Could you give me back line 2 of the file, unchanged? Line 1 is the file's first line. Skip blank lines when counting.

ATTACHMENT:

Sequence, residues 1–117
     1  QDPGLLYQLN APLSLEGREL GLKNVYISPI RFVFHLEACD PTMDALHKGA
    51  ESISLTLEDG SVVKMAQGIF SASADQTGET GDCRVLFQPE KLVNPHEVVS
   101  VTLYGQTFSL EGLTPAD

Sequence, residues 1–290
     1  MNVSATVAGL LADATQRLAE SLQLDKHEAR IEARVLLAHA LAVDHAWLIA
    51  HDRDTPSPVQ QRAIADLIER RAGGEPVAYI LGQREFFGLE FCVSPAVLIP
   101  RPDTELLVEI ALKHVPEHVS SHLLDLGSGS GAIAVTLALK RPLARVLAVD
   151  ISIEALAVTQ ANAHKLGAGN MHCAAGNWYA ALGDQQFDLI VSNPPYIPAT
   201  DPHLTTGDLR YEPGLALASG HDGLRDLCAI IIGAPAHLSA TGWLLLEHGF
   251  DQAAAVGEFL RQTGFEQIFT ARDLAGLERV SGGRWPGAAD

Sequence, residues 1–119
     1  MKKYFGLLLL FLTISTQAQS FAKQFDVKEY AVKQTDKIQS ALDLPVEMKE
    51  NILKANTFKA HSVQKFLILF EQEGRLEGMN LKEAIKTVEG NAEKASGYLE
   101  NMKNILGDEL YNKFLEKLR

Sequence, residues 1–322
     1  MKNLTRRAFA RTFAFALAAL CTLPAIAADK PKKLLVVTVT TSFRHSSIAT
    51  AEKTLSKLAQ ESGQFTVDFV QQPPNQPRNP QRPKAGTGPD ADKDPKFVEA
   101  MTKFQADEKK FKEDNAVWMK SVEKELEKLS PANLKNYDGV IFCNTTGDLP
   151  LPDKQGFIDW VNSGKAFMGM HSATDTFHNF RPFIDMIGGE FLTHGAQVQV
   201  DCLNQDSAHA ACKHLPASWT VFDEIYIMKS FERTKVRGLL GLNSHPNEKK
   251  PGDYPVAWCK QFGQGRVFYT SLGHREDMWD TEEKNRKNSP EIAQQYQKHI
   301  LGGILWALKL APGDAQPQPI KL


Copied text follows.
     1  QDPGLLYQLN APLSLEGREL GLKNVYISPI RFVFHLEACD PTMDALHKGA